The combination of low-concentration DNMT inhibitors, DAC, or 5-Aza-C with irinotecan has been investigated by a number of research groups in human CRC cell lines, xenograft models using CRC cells, and cervical cancer cells (Table 1) [12-19]. These combinations sensitized the CRC cells used with the modification of the expression of various genes related to apoptosis regulators, DNA topoisomerase-I (upregulation) coupled to p16 demethylation and Sp1 upregulation, cell-cell adhesion, regulation of transcription (DNA-templated), and DNA repair. A single treatment of 5-Aza-C treatment resulted in a reduction in AKT phosphorylation, which was supposed to be involved in the long-lasting effects of 5-azanucleosides on the sensitization of CRC cells to the combination of 5-Aza-C and etoposide [19]. In the case of cervical cancer cells, the combination of irinotecan and DAC resulted in epigenetic upregulation (promoter demethylation) of the WRN gene, which conferred chemotherapeutic resistance to the cervical cancer cells [16]. These results clearly indicated that the epigenetic modifications of the anti-tumor activity of irinotecan was dependent on the type of malignant tissues. In a CRC cell xenograft model, DAC plus 5-FU effectively retarded the tumor growth of 5-FU resistant cells [13]. Another important aspect of the augmentation of anti-tumor activities of irinotecan by DNMT inhibitors is the “priming effects” that sensitize CRC cells to irinotecan therapy. These effects result in the sensitization of cancer cells to subsequent irinotecan therapy. Although its molecular mechanisms are presently unclear, chemosensitization through these priming effects caused by DNMT inhibitors is dependent on treatment schedules. Thus, systematic investigations are required to establish the combination therapy of DNMT inhibitors with irinotecan and other existing anti-cancer drugs.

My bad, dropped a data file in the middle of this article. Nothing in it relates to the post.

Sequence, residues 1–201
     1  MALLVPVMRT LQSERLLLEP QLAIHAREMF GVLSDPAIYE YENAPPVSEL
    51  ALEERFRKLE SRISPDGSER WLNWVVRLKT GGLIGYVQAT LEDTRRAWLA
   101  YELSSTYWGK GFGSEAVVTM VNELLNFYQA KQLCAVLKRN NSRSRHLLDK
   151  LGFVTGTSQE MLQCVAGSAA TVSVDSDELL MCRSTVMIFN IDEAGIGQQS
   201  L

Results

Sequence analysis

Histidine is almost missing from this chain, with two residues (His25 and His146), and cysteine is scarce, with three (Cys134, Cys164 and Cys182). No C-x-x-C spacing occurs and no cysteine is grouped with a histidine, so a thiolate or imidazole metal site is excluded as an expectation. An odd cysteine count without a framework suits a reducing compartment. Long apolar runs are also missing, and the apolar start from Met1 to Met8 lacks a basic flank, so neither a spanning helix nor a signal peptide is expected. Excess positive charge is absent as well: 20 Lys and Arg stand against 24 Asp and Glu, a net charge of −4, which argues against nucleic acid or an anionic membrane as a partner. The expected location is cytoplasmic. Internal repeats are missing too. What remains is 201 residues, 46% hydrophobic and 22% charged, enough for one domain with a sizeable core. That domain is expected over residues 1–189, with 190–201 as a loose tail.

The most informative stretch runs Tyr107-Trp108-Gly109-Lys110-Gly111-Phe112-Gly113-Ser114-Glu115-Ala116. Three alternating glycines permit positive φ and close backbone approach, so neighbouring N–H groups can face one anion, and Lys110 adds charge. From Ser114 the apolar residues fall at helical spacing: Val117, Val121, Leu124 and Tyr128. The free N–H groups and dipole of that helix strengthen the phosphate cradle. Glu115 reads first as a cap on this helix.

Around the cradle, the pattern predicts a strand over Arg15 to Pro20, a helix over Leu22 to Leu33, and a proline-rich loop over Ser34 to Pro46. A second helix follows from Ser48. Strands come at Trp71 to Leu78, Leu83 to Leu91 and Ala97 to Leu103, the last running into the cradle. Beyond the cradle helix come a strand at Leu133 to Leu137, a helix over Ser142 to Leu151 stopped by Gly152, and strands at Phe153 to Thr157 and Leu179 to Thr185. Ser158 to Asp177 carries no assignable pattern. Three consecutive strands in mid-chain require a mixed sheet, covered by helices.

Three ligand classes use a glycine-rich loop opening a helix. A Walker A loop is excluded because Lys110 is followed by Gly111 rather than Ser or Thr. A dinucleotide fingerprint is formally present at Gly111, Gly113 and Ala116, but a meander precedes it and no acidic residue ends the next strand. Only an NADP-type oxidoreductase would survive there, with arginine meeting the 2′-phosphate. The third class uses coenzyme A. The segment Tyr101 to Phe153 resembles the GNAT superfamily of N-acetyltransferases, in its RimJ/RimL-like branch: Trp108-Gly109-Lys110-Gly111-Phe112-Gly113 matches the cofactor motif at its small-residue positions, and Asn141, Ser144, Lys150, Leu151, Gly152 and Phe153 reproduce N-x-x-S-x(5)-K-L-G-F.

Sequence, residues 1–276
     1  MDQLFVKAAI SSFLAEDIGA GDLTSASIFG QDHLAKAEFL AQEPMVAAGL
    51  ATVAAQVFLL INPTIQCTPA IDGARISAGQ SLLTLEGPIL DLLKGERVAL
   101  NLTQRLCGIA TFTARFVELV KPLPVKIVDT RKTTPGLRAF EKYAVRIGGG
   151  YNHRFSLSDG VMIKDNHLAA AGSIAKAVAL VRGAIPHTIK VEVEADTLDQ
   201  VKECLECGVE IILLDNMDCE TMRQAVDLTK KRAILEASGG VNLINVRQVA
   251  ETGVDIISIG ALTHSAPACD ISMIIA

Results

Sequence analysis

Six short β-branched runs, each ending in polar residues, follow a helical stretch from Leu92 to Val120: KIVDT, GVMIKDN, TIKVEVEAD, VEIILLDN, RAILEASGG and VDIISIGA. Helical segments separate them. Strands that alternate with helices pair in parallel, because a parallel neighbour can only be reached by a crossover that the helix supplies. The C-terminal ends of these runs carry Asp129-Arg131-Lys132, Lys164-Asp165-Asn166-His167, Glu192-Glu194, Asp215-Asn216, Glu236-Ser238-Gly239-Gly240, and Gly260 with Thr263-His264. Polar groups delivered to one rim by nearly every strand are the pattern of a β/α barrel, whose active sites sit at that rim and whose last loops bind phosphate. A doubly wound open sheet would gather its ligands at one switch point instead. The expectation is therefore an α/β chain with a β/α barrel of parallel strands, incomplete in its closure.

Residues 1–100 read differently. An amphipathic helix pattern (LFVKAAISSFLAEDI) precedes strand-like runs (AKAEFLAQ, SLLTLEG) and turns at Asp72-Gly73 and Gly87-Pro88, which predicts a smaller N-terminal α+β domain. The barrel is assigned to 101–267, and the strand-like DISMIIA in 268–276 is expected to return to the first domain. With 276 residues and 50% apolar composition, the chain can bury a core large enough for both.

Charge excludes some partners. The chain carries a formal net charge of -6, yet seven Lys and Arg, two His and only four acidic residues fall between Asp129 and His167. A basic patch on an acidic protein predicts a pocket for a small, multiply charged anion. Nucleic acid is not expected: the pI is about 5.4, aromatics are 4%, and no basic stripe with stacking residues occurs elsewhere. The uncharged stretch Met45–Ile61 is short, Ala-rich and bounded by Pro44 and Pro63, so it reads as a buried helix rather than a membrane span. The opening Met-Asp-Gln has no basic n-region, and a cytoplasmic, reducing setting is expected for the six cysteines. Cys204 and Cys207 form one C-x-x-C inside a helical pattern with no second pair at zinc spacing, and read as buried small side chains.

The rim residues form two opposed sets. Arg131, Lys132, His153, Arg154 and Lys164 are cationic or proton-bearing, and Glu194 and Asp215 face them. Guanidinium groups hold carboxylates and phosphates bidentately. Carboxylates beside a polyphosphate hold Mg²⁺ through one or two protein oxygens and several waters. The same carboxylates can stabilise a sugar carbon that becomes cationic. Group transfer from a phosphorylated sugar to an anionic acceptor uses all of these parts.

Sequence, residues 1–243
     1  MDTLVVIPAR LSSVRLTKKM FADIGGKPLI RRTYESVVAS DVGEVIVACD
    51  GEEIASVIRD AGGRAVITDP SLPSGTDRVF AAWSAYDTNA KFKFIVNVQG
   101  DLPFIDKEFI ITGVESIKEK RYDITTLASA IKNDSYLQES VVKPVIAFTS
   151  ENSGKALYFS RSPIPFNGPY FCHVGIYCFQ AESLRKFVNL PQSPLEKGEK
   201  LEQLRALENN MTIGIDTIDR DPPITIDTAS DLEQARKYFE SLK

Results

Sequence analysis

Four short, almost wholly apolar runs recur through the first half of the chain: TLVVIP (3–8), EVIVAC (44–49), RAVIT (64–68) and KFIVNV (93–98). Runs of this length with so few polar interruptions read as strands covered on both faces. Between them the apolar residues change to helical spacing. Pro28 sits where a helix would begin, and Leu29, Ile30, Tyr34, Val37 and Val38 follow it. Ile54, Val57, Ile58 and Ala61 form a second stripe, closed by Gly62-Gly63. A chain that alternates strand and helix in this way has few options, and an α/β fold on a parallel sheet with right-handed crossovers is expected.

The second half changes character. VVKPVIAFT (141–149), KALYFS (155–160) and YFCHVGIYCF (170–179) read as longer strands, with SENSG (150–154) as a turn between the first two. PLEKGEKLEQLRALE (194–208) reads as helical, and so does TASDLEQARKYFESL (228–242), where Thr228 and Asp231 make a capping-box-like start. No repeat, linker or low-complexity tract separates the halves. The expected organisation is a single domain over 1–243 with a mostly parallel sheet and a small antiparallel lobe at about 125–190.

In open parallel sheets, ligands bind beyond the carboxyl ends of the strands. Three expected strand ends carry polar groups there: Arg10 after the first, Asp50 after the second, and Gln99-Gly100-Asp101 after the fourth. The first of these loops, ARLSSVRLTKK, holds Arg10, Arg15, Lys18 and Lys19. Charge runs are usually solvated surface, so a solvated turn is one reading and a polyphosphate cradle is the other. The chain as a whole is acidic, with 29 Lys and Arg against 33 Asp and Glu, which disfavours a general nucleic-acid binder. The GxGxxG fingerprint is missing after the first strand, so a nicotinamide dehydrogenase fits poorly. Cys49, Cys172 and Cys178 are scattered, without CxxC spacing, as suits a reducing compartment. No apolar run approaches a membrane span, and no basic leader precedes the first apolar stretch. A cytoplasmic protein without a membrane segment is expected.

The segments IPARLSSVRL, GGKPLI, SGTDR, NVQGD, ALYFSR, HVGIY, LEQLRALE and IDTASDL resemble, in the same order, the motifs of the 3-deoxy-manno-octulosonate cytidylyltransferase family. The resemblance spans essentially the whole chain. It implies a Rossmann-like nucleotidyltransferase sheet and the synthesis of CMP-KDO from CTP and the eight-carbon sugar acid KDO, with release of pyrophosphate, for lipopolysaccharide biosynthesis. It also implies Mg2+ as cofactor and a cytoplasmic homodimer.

Anti-cancer drug
(Exposure protocol)
DNMT inhibitor
(Exposure protocol)